Last week, we had the distinct pleasure of attending the launch party for a new site created and written by female comedians: the G.L.O.C. (“Gorgeous Ladies of Comedy”). Kristen Schaal – whom you likely know from such programs as Flight of the Conchords and The Daily Show – was on hand to read from her new book, Sexy Book Of Sexy Sex, and attendees had the option of getting made over to look like a beautiful lady or a beautiful zombie lady. Raffle prizes were given out, obscenities were shared, and party-goers did something approximating dance moves. Our interest was piqued.
So, this week, we decided to have a chat with the site’s founder, Glennis McMurray (pictured below), in order to get to know the site a little better. First off: What’s with the name?
As it turns out, McMurray – who launched the site in November of 2010 – was inspired by her fiance’s love for G.L.O.W. (for the woefully uninitiated, that would refer to the “Gorgeous Ladies of Wrestling“). Besides being a funny name with a decidedly eye-catching acronym, McMurray says it serves several purposes: It works to bolster her idea that every woman is gorgeous; it can serve as something more synonymous with “fantastic” than, you know, “conventionally beautiful;” and it pokes a little fun at the recurring (and, frankly, boring) dialogue on whether it’s possible for a woman to be both funny and, well. Gorgeous.
McMurray says that, based on her own experience in comedy (she was trained at the UCB theater in New York), it seems that many of her colleagues felt the need to change the way they presented themselves by “dressing down” and joining the presiding “boys’ club” in comedy. She hopes to prove that joining ’em if you can’t beat ’em isn’t necessary, as well as fight the impression that female comedians can only perform “lady jokes,” about, say, our dewy roses and our monthly visitor and all the other hackneyed euphemisms associated with “lady comedy.” Because, as it turns out, some of us just want a platform to be weird, and not necessarily cute or popular or gross in a way specially calculated to make bros high five us.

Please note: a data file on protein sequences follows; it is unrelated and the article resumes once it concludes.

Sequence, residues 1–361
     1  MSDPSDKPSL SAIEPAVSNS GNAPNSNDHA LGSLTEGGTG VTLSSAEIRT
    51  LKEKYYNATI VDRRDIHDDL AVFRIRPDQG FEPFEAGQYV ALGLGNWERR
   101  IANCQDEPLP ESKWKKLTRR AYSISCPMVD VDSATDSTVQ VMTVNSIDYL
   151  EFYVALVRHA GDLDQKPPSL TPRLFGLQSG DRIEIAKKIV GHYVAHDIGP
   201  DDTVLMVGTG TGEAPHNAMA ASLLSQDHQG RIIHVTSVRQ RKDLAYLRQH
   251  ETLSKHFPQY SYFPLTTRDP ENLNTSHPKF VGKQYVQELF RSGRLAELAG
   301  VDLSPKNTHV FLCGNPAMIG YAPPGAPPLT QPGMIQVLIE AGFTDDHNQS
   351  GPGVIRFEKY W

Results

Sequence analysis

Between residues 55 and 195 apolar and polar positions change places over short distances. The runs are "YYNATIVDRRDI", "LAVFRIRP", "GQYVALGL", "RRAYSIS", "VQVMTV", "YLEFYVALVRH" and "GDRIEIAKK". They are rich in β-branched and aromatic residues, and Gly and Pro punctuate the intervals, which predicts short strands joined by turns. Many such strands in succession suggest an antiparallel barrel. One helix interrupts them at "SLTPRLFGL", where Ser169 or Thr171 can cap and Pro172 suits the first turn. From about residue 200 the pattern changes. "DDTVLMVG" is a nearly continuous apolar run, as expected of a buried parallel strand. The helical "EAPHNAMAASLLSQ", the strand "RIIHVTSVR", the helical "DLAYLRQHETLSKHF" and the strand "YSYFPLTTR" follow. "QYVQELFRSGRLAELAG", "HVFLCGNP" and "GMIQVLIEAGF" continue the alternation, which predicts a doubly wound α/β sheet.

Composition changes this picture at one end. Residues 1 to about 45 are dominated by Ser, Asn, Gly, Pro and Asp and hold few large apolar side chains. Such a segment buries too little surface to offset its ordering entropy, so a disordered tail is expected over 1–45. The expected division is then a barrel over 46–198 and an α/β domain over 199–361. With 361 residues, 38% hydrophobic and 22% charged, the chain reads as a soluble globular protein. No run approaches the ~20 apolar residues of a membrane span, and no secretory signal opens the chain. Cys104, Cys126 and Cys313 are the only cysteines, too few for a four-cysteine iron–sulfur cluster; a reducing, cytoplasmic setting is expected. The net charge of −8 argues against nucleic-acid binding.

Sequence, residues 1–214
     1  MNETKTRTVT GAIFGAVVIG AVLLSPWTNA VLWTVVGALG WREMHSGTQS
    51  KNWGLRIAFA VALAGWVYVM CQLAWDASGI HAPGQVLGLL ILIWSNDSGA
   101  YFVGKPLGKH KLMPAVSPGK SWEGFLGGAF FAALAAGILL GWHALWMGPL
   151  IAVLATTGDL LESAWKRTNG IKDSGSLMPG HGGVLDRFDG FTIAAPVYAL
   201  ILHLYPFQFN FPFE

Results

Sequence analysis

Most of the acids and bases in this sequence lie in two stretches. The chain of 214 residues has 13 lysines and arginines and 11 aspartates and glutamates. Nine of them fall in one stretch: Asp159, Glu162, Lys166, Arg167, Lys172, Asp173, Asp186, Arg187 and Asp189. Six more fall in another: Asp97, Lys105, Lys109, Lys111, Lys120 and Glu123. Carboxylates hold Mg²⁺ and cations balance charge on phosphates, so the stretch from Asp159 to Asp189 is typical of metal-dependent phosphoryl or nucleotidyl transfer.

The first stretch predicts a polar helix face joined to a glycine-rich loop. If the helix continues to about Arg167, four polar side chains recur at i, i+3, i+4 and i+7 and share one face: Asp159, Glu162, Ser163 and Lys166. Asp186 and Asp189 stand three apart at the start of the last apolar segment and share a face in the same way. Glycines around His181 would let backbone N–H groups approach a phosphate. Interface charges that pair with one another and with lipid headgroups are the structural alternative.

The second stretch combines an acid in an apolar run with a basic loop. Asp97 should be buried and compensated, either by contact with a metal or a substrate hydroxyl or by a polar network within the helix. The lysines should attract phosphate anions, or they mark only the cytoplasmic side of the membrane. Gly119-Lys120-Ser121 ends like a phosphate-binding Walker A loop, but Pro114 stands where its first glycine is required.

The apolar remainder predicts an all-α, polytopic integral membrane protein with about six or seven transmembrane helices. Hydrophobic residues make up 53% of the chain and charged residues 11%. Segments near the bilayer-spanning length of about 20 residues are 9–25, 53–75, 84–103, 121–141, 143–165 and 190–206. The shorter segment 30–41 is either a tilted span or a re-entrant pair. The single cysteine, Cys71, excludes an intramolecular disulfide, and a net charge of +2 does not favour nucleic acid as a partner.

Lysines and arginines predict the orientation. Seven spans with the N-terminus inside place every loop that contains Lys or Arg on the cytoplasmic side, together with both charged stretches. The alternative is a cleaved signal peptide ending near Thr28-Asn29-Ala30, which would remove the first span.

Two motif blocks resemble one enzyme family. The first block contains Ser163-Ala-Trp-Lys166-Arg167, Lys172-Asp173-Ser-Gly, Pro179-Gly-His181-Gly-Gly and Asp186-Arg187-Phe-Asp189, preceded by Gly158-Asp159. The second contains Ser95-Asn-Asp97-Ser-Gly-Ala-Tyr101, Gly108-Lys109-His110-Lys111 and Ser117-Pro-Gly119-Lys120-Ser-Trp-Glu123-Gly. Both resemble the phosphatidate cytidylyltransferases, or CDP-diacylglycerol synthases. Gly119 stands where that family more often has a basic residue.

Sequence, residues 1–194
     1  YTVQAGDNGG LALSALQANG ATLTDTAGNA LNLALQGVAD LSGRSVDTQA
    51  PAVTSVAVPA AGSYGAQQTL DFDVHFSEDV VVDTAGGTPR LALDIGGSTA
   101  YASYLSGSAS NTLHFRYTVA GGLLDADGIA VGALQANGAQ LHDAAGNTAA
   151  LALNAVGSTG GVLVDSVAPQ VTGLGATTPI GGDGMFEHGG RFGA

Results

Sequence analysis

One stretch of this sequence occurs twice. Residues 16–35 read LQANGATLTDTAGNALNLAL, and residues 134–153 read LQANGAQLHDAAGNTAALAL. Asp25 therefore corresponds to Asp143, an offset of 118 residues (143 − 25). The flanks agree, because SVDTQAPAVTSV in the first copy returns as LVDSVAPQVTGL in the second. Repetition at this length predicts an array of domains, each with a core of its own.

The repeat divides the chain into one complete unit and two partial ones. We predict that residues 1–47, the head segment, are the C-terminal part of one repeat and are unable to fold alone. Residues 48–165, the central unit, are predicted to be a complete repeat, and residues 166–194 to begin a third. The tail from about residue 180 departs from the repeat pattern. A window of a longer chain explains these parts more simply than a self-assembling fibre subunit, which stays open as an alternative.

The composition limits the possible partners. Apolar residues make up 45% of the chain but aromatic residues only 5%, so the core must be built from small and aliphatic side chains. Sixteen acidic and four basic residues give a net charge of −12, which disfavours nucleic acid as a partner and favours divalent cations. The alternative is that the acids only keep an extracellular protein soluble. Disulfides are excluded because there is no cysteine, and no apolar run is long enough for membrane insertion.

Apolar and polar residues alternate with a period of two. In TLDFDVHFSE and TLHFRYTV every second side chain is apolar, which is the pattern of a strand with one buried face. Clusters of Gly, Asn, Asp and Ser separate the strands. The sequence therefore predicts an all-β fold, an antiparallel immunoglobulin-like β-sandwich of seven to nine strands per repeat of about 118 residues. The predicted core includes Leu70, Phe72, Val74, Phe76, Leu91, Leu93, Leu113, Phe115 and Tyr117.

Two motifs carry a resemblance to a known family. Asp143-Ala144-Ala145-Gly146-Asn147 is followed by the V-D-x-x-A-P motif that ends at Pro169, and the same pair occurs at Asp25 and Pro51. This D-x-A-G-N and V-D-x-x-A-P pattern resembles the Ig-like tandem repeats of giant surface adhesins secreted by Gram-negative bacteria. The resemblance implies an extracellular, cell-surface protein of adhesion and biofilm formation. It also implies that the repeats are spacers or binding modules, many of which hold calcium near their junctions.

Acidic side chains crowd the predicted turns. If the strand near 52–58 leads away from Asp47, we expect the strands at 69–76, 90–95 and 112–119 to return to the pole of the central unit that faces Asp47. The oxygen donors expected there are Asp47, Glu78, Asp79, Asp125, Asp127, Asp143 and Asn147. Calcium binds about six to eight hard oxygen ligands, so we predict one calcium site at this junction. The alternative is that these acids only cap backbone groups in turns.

This reminded us of a question our own beloved sister site, The Mary Sue, was repeatedly asked when it first launched: Why a comedy site for women? Doesn’t this create a deeper divide between men and women trying to make it in comedy?
McMurray points out that the divide is obvious, and something many women have to contend with, so why not offer a place for women to highlight one another’s accomplishments and shows? (That’s right: If you’re a funny lady with a show coming up, you can share it on the G.L.O.C. in the hopes of
tricking people into paying a two drink minimum reaching out to comedy fans.) Additionally, McMurray hopes the site will lend encouragement (and resources) to women just starting out in the business.
Eventually, McMurray is working towards establishing the G.L.O.C. as a woman-helmed alternative to sites like “College Humor” or “Funny of Die,” with contributions from a variety of well-known comedians. For now, you can read up on why it’s a good (Albeit terrifying!) idea to do a one-woman show and enjoy a Q & A with the aforementioned (charming) Ms. Schaal.
See? Nary a shoe, relationship, nor tampon joke in the bunch.
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